Title: Re: Life in the Alexander Palace
Post by: elisa_1872 on April 18, 2004, 11:19:15 AM
Forum Admin!

Thanks very much for translating that passage from the French from the Spirodovitch book! Ive been after a copy of it for such a long time, so its really great to read extracts. Thanks for posting!

Any idea whether this book was reprinted? I've no idea where to locate it, as ive never seen it anywhere, save in bibliographies.

Elisa :)
Title: Re: Life in the Alexander Palace
Post by: Forum Admin on April 18, 2004, 11:24:36 AM
Elisa,
Spirdivotch has never been reprinted nor translated into English. We spent ten years searching for a copy before we could find one...Very rare, and usually very expensive when they turn up.
Title: Re: Life in the Alexander Palace
Post by: La_Mashka on March 09, 2005, 01:24:06 PM
Does anyone know how they kept clean?

I know Nicholas had a huge bathtub, which looks more like a small swimming pool.

I believe  Alexandra had her own bathroom next to her bedroom... what did it have?  a bathtub? a shower?

and also the GD, I think I read they had a bathroom in between the rooms... with a shower...

Would they have hot water???

Title: Re: Life in the Alexander Palace
Post by: leanora on March 13, 2005, 12:11:44 PM
Alexandra had a bathtub. As childs, the children were allowed to take only cold showers  :o... and hot baths in the evenings as teenagers.. some entries in their diaries shows that  sometimes they were allowed by their father to use his swimming pool....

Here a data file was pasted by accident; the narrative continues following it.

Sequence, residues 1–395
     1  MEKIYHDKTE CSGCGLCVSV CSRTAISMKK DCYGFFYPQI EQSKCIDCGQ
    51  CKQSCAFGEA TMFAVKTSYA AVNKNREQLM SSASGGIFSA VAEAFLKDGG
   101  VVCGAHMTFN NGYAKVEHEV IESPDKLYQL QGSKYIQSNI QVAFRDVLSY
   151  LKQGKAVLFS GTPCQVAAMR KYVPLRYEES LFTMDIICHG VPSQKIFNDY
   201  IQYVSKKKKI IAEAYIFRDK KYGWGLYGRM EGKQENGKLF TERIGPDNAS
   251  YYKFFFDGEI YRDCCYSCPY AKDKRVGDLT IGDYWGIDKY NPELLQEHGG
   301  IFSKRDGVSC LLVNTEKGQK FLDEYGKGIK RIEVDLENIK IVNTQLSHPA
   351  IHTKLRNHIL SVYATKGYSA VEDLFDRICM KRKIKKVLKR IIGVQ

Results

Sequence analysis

Quote
Does anyone know how they kept clean?

I know Nicholas had a huge bathtub, which looks more like a small swimming pool.

I believe  Alexandra had her own bathroom next to her bedroom... what did it have?  a bathtub? a shower?

and also the GD, I think I read they had a bathroom in between the rooms... with a shower...

Would they have hot water???


Title: Re: Life in the Alexander Palace
Post by: Ortino on March 13, 2005, 12:17:31 PM
Quote
Alexandra had a bathtub. As childs, the children were allowed to take only cold showers  :o... and hot baths in the evenings as teenagers.. some entries in their diaries shows that  sometimes they were allowed by their father to use his swimming pool....  


Nicholas didn't have a swimming pool. His bath was just very deep and wide so they liked to go swimming in it. They didn't have showers back then really. Everyone took baths. Yes, the girls did take take cold baths in the morning and warm in the evening, but I think they had been doing it since they were young (about the time that Anastasia was around 11). I remember reading that Alexandra wrote to Nicholas about this when the girls complained about it. Alexandra had a bathtub undoubtedly, but since that part of the interior was destroyed, it is unlikely we will ever know what it looked like.
Title: Re: Life in the Alexander Palace
Post by: Ming on May 12, 2005, 11:34:26 PM
This is a very interesting topic to me.  I appreciate all who have contributed so far.

I have always wondered about how some of the ordinary things were done at the palace if one is a Grand Duchess.  For example:

Who did the girls' hair?
Did they almost always wear white? Even for "playclothes"?

The rooms were so very large...how were they filled?

Were there guards at all the doors to all the rooms?  Were they in colorful uniforms?

Did the young girls run and race down the long hallways, etc.?

I once read that their aunt Olga held "children's parties" fairly often on Sundays, so the little Grand Duchesses could play with other children and have a little fun and freedom.  Was this true?

Thank you all for your very interesting information!
Title: Re: Life in the Alexander Palace
Post by: Sarai on May 14, 2005, 03:33:07 PM
Quote
This is a very interesting topic to me.  I appreciate all who have contributed so far.

I have always wondered about how some of the ordinary things were done at the palace if one is a Grand Duchess.  For example: